Over the course of 2012 we have seen a substantial increase in new homes activity, both from developers and a keen interest from purchasers. In the current climate, buyers are looking for reduced outgoings and ease of living, therefore new homes have a strong appeal due to their general efficiency and low maintenance costs.
We have seen many people down-sizing for the reasons already mentioned and the right developments in the right locations have sold off plan, which is something we have not seen for some time.
I see this trend continuing into 2013 with some very exciting new developments coming to the market. Down-sizers have already been mentioned, but there are also buyers moving upwards and a large migration of people moving out of the Epping, Woodford, Loughton and Chingford areas for the many benefits our area has to offer, including road and rail links, excellent schools and, of course, Stansted Airport.
Specifications continue to improve on new builds, as small developers look to set themselves apart from the national house builders, who have a more off the shelf product.
Mullucks Wells New Homes Department continues to thrive with exciting new developments coming to the market, across all three office areas in 2013.
The most surprising aspect of this last year, is the fragility of some towns and the resilience of others.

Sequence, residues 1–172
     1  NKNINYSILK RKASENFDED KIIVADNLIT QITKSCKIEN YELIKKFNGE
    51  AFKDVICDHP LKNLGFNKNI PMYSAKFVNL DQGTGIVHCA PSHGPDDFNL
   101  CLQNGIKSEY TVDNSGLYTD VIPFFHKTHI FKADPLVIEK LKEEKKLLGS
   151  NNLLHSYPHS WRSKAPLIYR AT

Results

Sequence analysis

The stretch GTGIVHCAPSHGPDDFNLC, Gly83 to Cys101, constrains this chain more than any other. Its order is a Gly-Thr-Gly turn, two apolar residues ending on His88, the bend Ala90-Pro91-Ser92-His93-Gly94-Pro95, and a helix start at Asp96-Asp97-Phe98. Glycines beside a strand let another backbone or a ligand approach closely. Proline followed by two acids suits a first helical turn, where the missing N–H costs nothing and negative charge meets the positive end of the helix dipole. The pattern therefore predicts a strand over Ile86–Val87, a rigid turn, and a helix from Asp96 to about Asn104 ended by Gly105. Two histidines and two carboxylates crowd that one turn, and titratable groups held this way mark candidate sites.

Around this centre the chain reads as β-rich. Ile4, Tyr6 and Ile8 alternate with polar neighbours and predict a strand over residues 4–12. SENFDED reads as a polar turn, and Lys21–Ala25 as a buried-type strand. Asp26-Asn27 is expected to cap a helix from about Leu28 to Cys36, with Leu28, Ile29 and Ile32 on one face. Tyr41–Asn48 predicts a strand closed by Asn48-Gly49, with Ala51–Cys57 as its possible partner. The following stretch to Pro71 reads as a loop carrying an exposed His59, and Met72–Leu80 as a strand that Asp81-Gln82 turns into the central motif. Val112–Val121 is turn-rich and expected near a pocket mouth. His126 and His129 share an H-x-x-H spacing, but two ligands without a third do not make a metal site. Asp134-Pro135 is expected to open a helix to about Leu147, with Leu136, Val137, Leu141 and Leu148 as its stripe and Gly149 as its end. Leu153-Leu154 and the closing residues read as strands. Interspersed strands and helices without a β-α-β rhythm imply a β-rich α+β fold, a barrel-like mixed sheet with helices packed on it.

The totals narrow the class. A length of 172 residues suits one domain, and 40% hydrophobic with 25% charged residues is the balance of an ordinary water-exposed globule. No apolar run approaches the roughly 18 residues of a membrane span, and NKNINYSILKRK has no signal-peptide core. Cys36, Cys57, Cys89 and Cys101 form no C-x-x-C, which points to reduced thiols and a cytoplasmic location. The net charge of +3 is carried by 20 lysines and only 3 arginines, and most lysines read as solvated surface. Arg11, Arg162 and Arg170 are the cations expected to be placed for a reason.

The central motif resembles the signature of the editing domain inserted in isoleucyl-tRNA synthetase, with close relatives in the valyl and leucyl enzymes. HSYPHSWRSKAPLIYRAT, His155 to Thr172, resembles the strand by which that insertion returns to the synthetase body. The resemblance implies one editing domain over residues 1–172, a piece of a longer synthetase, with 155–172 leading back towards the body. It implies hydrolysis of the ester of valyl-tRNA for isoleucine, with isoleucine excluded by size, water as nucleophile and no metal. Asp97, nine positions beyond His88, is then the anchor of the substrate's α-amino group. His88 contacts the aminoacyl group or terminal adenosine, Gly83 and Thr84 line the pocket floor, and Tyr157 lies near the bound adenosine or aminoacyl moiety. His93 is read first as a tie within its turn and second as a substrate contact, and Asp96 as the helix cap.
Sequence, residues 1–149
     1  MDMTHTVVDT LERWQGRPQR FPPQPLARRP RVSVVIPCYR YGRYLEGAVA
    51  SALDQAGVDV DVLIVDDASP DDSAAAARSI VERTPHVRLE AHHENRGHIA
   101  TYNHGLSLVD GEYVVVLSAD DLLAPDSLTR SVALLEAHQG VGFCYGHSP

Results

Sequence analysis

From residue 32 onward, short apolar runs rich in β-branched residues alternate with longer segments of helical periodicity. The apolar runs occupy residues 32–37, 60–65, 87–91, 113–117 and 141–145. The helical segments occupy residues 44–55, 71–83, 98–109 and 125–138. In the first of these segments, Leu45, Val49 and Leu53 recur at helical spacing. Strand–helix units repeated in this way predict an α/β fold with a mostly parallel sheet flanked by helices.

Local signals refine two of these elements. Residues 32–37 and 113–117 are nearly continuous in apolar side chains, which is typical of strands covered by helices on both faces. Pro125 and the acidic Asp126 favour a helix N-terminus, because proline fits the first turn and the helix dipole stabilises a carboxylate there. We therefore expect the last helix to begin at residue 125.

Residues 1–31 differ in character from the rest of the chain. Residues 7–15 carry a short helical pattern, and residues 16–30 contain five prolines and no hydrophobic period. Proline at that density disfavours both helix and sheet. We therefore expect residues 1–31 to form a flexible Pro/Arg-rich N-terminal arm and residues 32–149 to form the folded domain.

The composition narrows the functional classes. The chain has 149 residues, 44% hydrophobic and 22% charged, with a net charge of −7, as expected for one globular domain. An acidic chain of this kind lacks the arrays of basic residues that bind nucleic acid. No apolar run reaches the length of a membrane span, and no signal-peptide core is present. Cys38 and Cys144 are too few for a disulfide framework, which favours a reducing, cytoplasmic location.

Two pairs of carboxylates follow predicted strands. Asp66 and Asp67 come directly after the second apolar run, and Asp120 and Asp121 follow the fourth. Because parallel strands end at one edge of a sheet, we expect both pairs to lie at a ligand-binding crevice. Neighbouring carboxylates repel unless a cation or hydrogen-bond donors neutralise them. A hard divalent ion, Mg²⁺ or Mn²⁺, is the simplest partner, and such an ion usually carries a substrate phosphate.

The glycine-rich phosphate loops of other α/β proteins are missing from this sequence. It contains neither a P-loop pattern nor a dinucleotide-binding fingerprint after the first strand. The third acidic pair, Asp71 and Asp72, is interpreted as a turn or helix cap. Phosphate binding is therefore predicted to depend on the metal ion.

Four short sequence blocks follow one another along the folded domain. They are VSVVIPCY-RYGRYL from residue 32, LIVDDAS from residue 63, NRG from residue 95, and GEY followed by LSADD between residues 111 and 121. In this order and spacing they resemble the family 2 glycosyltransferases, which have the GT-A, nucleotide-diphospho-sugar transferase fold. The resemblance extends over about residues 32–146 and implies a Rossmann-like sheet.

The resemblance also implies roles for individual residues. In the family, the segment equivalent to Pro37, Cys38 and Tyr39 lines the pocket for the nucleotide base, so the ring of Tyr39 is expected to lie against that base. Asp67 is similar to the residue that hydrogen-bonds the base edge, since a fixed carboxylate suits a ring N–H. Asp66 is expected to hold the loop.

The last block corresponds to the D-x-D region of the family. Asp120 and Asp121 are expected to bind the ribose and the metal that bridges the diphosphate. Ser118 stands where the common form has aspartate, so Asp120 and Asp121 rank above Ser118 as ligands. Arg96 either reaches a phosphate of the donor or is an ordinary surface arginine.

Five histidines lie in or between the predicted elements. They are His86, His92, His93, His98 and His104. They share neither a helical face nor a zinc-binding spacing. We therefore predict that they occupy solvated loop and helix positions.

Industrial values have held out in Great Dunmow and the town has seen a net inflow of occupiers, whereas Saffron Walden has managed to hold on to the robust industrialists and has seen a number of sales on the Carlton Place development.
Retail in Saffron Walden remains buoyant with prime shops remaining empty for short periods. Investments in the town continue to be popular, both with local and out of town investors.
Sainsbury’s was refused consent at appeal, for an out of town supermarket, but Tesco have acquired the Crocus pub and will shortly be opening their Express operation.
The town has said goodbye to Mayhem but hello to Phase Eight, Crew Clothing, a number of smaller independent retailers, and saw the relocation of Evergreen Florists.
Bishop’s Stortford however, saw the closure of Pearsons and Clement Joscelyn and whilst saying hello to Rosie Lee, Consortia, Gerry Webber and Pandora, to name but a few, the space left empty makes a large negative effect on the retailing perceptions of the town.
The target area for retailers seems to be moving towards the North Street end of Bishops Stortford, in anticipation of the alteration to shoppers habits as a result of the proposed Henderson Development.
The office market remains difficult in all areas, however a there appears to be number of transactions are now in solicitors hands, with completion anticipated in the Spring of 2013. These include lettings at Charringtons House in the centre of Bishops Stortford, Thorley Wash Business Centre on the edge of the town and Western House in Stansted Mountfitchet, to a mixture of new business and those relocating to larger buildings.
We have seen an increase in enquiries and take up, and whilst occupiers remain cautious, the feeling for 2013 is slightly more optimistic.